The Alberta Arbitration Board released its decision with respect
to the policy grievance filed by Unifor, Local 707A, against the
introduction by Suncor Energy Inc., Oil Sands of random alcohol and
drug testing (Policy) of safety-sensitive employees at Suncor oil
sands operations. Unifor grieved the Policy, asserting that it is
intrusive and extraordinary because it subjects all employees to
drug and alcohol testing, regardless of any precipitating event. On
the other hand, Suncor defended its Policy and argued that it met
the test from the Supreme Court of Canada's recent decision
Communications, Energy and Paperworkers Union of Canada, Local
30 v. Irving Pulp & Paper, Ltd, 2013 SCC 34, by
establishing "evidence of a problem with alcohol and
drugs" in its workplace.
The Board allowed Unifor's grievance and rejected the
Policy. With respect to random alcohol testing, the Board found
that Suncor's positive alcohol tests did not establish a
significant problem or legitimate safety risk. In addition,
Suncor's unparticularized evidence failed to demonstrate
evidence of a problem with alcohol with respect to its Unifor
employees. Overall, the Board found Suncor's Policy to be an
unreasonable exercise of management rights.
With respect to random drug testing, the Board found that
Suncor's testing method of urinalysis failed to identify
current impairment. Suncor's testing method identified
employees who recently used drugs, but this did not meet the
threshold of a legitimate business interest which would justify the
significant intrusion into employees' privacy. The Board also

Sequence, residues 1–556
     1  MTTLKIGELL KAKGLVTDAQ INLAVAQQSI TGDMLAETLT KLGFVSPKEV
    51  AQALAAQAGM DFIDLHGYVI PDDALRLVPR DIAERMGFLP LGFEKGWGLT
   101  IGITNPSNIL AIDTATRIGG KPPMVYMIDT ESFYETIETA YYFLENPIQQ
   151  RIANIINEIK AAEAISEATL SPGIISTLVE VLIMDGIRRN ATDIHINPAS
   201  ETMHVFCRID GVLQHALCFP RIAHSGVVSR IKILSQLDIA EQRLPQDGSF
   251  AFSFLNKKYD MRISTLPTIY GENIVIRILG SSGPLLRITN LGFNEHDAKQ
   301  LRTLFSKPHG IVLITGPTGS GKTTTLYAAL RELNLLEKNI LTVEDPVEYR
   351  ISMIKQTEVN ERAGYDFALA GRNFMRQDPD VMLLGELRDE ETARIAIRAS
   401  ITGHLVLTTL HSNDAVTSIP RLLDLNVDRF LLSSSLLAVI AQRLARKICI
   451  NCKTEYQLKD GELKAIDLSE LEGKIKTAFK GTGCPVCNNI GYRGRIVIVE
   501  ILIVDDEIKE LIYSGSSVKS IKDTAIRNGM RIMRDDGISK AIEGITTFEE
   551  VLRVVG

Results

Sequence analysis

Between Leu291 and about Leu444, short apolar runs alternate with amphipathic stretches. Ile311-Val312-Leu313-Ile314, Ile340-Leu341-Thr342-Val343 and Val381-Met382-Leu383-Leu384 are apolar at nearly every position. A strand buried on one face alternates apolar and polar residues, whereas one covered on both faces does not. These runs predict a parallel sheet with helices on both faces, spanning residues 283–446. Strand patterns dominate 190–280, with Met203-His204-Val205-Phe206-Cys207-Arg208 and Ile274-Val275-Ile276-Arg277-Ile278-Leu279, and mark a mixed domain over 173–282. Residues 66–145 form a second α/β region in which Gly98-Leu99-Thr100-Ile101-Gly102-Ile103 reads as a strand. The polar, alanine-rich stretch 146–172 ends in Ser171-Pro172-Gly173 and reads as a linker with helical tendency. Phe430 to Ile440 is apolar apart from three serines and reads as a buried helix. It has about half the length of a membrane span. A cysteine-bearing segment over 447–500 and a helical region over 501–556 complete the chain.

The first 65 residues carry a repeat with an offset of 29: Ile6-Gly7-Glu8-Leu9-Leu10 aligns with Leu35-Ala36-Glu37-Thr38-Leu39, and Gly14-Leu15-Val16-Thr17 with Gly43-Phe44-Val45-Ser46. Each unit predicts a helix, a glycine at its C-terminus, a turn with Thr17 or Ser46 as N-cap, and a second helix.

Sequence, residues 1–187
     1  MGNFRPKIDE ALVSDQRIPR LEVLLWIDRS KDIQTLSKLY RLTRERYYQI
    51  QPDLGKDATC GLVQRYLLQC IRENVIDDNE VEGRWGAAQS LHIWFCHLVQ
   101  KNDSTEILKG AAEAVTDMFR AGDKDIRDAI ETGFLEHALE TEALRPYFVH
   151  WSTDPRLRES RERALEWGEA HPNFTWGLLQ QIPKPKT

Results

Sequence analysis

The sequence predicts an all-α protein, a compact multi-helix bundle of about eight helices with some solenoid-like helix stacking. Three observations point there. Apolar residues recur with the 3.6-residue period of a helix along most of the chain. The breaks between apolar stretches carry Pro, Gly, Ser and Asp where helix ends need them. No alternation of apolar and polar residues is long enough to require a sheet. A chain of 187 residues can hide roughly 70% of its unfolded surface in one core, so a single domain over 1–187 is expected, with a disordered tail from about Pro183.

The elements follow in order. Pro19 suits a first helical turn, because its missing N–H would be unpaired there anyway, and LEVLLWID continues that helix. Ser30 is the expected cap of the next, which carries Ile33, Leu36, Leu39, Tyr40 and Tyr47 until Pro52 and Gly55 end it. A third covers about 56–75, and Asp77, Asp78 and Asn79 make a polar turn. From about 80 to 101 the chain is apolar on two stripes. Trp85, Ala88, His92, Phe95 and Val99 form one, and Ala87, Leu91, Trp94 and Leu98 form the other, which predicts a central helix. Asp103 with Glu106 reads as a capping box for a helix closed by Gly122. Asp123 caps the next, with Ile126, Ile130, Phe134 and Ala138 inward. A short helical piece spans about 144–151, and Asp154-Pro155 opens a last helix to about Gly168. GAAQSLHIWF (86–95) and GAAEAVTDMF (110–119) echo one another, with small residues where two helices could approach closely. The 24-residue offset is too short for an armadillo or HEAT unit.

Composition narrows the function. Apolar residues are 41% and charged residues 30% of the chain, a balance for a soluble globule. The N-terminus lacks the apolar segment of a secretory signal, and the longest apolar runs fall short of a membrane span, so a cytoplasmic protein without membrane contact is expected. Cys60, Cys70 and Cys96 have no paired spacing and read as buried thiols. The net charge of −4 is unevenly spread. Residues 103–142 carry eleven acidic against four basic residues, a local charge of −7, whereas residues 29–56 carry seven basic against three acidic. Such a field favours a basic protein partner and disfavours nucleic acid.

rejected Suncor's argument that the "out of control drug
culture" justified random drug testing. Overall, the Board
rejected Suncor's random drug testing for a number of reasons,
including failure to include a time limit for review, failure to
target as narrowly as possible, failure to use the most accurate or
least intrusive testing methods and failure to include provisions
for communicating false positive results to employees.
The Board went on to discuss what would have amounted to a
reasonable Policy. The Board stated that principles from
Alberta's Drug and Alcohol Risk Reduction Project should have
been applied, including a time-limited trial project, measurement
of effects and results, respect for employees' dignity, a
dispute solution mechanism, a clear "under the influence of
alcohol or drugs" prohibition, consistent training and oral
Suncor intends to seek judicial review of this
decision by the Board.
What does this mean for employers?
The Unifor and Suncor decision confirms that random drug and
alcohol testing is extremely difficult for employers to justify.
However, the decision also provides useful guidance in crafting a
reasonable and enforceable policy. Employers may consider creating
drug and alcohol policies that include: a time-limited trial
project, the measurement of effects and results, safeguards to
maintain employees' dignity, a dispute solution mechanism, an
"under the influence of drugs" prohibition, consistent
training and oral fluid testing.
Further updates will be released when this decision is
The arbitrator's decision covered a number of issues including whether the termination was appropriate and whether the City had breached the grievor's human rights. The following, however, will focus on the privacy issue raised.
In my December 15, 2016 article, Federal Government's Cannabis Report: What does it mean for employers?, I noted the Report's1 suggestion that there was a lack of research to reliably determine when individuals are impaired by cannabis.
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